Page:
Truths about truth

In this so-called post-truth era, many people seem to feel that truth is negotiable.  You can have your truth, she can have her truth, I can have my truth, and according to the common view in society today, they can all have equal validity even if they are mutually inconsistent and incompatible.

This is, of course, just lazy thinking that avoids the need to engage with other people’s ideas – their truth claims.

The world doesn’t work according to this “multiple truths” viewpoint.  I can’t go into my bank to withdraw $10,000 when the bank’s records show I have $150 in my account, even if my “truth” is that I have the full $10,000.

If I am driving and a police officer stops me to issue a fine for speeding dangerously, I can’t reply and claim “my truth is that I was driving safely”.  (Well, I can, but it won’t make any difference, because my “truth” is no more than an unjustified “opinion”).

Similarly, school leaders and boards have to operate in the real world where facts mean something.  Whether it is disciplining a student, dismissing a teacher, arranging a bank loan for a capital project, or responding to a media attack, the truth of the matter is central to sound decision-making.

In another article, I described the difference between correspondence truth and coherence truth.  School boards and leaders should understand the difference because it will almost invariably result in better decision-making.  Two (perhaps surprising) examples illustrate the difference.

The Boxer Rebellion in Beijing

Example 1: The Boxers of China

In 1898-1901, a group of nationalistic Chinese men known as the Boxers led a rebellion in Beijing (then Peking) to drive out foreigners.  They believed certain martial arts gestures made them immune to bullets.

They were wrong.

They found that immunity to bullets did not work very well in actual battle conditions.

Their belief was sincerely held, but that did not make it “truth”.  In their case, their belief was coherently true (because they all shared the common belief), but the belief did not correspond to reality.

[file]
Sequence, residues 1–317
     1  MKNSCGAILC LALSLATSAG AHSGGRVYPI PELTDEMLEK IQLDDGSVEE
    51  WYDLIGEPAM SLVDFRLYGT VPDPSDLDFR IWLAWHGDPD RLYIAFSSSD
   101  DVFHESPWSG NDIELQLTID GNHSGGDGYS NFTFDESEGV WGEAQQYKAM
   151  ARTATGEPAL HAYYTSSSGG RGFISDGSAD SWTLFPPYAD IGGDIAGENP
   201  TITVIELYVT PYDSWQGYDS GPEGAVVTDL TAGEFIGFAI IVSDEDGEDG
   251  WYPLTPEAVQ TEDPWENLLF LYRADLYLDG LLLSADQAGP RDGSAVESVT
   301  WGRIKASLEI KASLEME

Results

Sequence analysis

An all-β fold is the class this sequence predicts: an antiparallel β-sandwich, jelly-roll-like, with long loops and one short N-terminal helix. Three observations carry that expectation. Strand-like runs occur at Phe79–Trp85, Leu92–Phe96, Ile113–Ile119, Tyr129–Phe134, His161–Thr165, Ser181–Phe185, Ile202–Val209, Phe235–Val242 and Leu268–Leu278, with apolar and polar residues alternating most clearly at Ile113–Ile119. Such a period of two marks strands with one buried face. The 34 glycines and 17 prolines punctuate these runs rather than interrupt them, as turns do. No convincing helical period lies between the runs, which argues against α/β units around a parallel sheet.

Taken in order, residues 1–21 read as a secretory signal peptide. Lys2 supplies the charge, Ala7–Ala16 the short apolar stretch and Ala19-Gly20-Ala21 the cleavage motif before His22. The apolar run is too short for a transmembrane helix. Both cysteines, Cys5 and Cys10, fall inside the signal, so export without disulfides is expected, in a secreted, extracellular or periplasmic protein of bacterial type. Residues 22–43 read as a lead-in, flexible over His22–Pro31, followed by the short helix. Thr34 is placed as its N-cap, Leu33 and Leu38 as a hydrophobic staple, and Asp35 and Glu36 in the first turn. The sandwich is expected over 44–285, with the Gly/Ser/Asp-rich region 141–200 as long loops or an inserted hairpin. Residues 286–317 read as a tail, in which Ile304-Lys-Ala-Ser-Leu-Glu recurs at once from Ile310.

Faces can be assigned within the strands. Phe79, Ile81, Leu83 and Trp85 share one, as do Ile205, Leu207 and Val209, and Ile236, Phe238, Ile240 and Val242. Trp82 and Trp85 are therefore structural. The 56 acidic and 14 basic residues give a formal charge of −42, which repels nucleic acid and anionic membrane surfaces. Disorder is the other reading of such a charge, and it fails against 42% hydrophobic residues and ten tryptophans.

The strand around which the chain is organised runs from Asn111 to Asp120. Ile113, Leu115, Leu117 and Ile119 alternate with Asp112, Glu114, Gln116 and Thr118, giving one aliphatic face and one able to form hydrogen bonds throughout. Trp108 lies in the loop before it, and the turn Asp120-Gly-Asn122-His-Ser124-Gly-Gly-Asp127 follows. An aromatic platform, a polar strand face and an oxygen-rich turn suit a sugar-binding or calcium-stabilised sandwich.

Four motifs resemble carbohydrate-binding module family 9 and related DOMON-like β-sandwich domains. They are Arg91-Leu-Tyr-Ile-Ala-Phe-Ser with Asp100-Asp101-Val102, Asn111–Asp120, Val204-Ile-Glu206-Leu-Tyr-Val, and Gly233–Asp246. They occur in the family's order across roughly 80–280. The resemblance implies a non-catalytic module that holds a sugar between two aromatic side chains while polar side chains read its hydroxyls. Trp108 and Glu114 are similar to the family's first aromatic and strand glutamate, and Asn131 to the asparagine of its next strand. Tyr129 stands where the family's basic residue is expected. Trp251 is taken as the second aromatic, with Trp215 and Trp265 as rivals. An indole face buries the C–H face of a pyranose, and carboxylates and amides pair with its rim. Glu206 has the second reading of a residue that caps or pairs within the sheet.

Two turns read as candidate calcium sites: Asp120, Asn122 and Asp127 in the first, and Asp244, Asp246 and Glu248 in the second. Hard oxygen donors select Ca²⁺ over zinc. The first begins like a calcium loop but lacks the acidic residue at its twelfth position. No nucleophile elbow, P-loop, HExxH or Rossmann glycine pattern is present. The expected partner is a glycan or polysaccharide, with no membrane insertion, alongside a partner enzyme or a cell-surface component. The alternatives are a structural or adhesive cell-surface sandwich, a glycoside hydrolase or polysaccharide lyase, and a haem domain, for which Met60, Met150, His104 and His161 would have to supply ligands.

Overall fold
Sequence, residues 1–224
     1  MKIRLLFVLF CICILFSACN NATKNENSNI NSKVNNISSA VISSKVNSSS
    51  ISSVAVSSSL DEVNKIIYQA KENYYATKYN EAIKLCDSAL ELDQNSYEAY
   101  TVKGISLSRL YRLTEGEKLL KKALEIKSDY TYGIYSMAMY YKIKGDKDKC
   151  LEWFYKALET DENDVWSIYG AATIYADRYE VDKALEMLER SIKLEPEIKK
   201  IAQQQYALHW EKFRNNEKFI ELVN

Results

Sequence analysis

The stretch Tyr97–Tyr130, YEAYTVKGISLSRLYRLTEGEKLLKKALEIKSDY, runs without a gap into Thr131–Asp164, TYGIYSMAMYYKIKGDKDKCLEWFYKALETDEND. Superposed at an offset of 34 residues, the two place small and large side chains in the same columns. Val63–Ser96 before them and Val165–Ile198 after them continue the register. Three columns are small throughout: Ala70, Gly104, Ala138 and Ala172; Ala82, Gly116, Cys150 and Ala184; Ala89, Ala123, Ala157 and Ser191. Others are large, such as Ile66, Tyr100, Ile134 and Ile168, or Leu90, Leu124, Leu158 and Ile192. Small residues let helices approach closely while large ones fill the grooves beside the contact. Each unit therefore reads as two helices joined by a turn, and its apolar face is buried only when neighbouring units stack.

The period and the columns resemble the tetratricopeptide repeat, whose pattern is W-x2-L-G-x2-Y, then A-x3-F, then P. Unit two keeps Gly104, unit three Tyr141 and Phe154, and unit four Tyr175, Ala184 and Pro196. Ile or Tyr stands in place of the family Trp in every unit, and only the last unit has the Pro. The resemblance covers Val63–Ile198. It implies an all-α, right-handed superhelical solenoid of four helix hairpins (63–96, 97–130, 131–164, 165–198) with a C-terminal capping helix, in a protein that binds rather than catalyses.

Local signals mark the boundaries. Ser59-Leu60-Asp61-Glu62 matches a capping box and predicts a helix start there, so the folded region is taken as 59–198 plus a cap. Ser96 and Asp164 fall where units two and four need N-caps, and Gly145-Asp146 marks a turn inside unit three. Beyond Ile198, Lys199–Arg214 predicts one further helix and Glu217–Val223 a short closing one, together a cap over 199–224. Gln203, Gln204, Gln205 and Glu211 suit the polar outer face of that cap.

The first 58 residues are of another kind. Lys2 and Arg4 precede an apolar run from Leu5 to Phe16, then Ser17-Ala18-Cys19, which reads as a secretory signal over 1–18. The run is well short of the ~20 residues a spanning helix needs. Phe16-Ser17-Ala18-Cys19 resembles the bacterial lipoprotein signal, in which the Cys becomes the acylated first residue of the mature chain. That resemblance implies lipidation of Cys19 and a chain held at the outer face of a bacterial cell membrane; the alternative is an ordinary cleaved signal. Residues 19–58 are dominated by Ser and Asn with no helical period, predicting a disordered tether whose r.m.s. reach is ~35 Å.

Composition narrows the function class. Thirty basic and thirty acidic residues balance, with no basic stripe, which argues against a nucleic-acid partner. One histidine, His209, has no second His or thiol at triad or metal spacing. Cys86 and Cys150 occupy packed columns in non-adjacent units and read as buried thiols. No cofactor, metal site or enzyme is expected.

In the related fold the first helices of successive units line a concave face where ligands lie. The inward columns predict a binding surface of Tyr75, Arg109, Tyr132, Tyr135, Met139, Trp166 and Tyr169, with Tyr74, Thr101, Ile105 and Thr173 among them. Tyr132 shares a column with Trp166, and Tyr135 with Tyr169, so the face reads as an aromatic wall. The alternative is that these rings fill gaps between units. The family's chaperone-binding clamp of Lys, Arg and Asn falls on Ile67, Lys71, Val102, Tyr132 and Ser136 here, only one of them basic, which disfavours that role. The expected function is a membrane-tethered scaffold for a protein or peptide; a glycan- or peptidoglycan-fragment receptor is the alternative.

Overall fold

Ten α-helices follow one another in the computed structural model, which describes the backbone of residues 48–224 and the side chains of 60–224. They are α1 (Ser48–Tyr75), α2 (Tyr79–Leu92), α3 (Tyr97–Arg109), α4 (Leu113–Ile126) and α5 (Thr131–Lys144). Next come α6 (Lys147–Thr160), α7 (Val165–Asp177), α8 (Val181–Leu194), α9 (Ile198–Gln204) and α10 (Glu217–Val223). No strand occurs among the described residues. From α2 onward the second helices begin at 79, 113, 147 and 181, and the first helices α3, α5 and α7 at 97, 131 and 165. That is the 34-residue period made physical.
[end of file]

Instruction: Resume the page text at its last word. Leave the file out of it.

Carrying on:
Tariana man, Brazil

Example 2: The Tariana of Brazil

The Tariana people are found in the remote upper reaches of the Amazon River basin in Brazil.  Only about 100 people speak the Tariana language.

In Tariana, it is grammatically incorrect to make a statement without saying how you know it is true.  Because evidence of truth is required, this is known as evidentiality in a language.

Every sentence must contain a marker that indicates on what evidence the statement is based - such as whether the speaker saw it, or heard it, or inferred it from indirect evidence, or learned about it from someone else.

I cannot just say “the dog stole the fish”.  To speak proper Tariana, I must add a suffix to the end of the verb.....

If I actually saw the dog drag the fish over the grid of the fireplace, I would say “The dog stole ka the fish”. (ka means saw with my own eyes).

If I didn’t see the dog take the fish but I heard the noise of a fish falling from the grid, I would say “The dog stole ma-ka the fish”. (ma-ka means heard, smelled or tasted).

If I come into the kitchen and see the fish missing and the dog looking happy and well-fed, I would infer that the dog ate the fish and say “The dog stole ni-hka the fish”. (ni-hka means inferred on the basis of evidence I have seen personally).

If I come and the fish is gone, and my general knowledge says only dogs steal fish, I would say “The dog stole si-ka the fish”. (si-ka marks information made on general assumptions).

If someone else told me what had happened, then in reporting it I would say “The dog stole bi-di-ka the fish”. (bi-di-ka marks information as having been reported by someone else).

In almost every culture in the world, evidentiality is secondary information, but to the Tariana it is basic to communication and understanding.  The Tariana are compelled by their language to be precise in telling others how they know something.

When the Tariana speak, they cannot avoid conveying both correspondence and coherence truth.

Wouldn’t it be great if students and staff – and even board members – had obligatory evidentials and were compelled by the language they use to say how they know that their claim is true.

-Dr Stephen Codrington

To initiate a conversation about arranging a workshop on “Truth” for your board or school leadership team, send an e-mail to Stephen Codrington at [email protected].

In addition, we offer a range of workshops that address many matters relating to enhancing the quality of school leadership and board governance, including 11 NESA-approved workshops specifically tailored for schools in New South Wales.

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